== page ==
While he’s insisted over and over again that he wishes to hang up his boots at FC Barcelona, there seems to be a growing sense that the love affair between the best player in the history of Spanish football, Lionel Messi, and the Blaugrana is coming to a sour and abrupt end.
The issue? Perhaps codependence. It can be argued that, at first, the Argentine needed the club. He was just 13 years old when he joined Barcelona, who, to show the player and his parents how serious they were about developing him in La Masia, took over payments for his hormonal medication. As a child, Messi suffered from a growth disorder, which he very candidly spoke about in 2018. “I injected my legs once every night. At first my parents gave me the injections from when I was eight years old until I learnt. It was a small needle. It did not hurt, it was something routine for me that I had to do, and I did it with normality,” he revealed.
Messi would then go on to not only impress, but drop the jaws of his academy teammates and coaches with the very same style of play we see him play with today. He’d regularly sit his colleagues on their backsides with his trademark shoulder dips and mazy runs, before emulating these skills in the first team years later. Coming into the senior set-up, the Argentine was surrounded by remarkably talented and established footballers. Ronaldinho, Deco, Samuel Eto’o, Xavi Hernandez. These guys were now his teammates, and they too were astonished by the promise the little kid from the club’s youth structure was showing. He was fast and tenacious, and although introverted, had the squad’s biggest names gravitate towards him.
He’d eventually become a star himself, a difference-maker, the player his teammates would look to, but not rely upon. With Pep Guardiola in charge from 2008, Messi was the icing on the tallest, sweetest, most chocolaty cake, playing in arguably the best footballing side the world has seen to this day. The team suited him, they played the music and he danced. They knew how and when to use him, and more importantly, he knew how and when to use himself. Guardiola taught Messi the importance of moments, about understanding when to affect a game – this is why you’ll often hear commentators talk about how he can go from being a peripheral figure in a match to turning it on its head. He walks around, quietly observing the field of play, and before you know it, he’s scored a hat-trick. Messi, born with bags of otherworldly, artistic talent, didn’t need Barcelona to be his canvas, but was undoubtedly aided by its perfectly smooth surface.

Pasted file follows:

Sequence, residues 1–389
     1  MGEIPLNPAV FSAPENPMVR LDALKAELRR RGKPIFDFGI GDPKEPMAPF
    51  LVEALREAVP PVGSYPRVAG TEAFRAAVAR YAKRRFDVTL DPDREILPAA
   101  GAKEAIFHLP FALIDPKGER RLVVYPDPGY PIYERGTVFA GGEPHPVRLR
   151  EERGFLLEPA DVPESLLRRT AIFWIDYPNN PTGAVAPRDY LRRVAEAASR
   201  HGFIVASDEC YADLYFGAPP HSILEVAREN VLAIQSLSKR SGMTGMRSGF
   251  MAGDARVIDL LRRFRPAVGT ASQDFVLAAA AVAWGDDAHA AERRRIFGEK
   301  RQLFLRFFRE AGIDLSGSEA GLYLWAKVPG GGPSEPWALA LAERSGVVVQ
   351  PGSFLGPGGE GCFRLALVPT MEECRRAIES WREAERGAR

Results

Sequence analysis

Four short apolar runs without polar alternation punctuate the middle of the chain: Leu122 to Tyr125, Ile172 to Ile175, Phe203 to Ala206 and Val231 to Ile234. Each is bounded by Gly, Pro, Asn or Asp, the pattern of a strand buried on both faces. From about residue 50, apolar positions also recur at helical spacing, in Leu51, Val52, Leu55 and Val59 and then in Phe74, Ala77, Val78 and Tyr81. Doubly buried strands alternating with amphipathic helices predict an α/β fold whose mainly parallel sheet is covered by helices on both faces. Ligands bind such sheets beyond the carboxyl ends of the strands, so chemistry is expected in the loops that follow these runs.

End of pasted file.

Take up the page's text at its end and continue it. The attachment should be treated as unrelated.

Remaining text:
The relationship, however, has changed, and drastically too. Messi is no longer helped by his colleagues and club like he once was, but has essentially become the guy dragging the famous Barcelona from a rope behind his back. In Spain, they call this ‘Messidepencia’, and no, it’s not used to hail the Argentine, but rather to point to the many cracks shown at the Spanish giants in recent years. Codependence can work both ways, with Barcelona now completely reliant on him. He has looked mentally, physically and emotionally fatigued in recent months, made worse by his very public falling out with sporting director Eric Abidal last week. Not only was he defiant in his stance against Abidal’s implication that the Blaugrana players stopped working for former boss Ernesto Valverde, but there’s been a number of other incidents that suggest he doesn’t care for the club like he did a few years ago. And, I should be clear. Not caring for the club is different from not caring for its fans. Francesco Totti fell out with Roma the club, not Roma the city. Ditto Diego Maradona and Napoli.
Messi has been seen hanging out with Neymar, who was in court with Barcelona just a few months ago, while the captain has also gone on record stating that while he wishes to stay at the Catalans, he also wishes to compete. A rather telling statement. With Barca not winning the UEFA Champions League since 2015, and getting knocked out in the manner that they have over the last few seasons, it’s clear that Messi is talking about the European trophy. The 32-year-old has also publicly spoken of his disappointment over Barcelona not doing their utmost best to re-sign Neymar, more damaging comments that prove this is a player whose relationship with his club has deteriorated.
Worryingly for the club and its supporters, Messi has the power to terminate his deal before the start of every season, given he informs president Josep Maria Bartomeu of his decision by May of each year. Perhaps, which may have only been the case once before, the club’s record goalscorer is seriously considering his future. Will he want to put up with this for another season? The upcoming presidential election might change the way things are run, it might make Messi a happier footballer, but 2021 is still a long way away.
While I don’t think he’d leave, I’d personally love to see him elsewhere, and not because he has anything to prove, but because he deserves better. Barcelona have taken advantage of his loyalty for far too long and now might very well pay the price.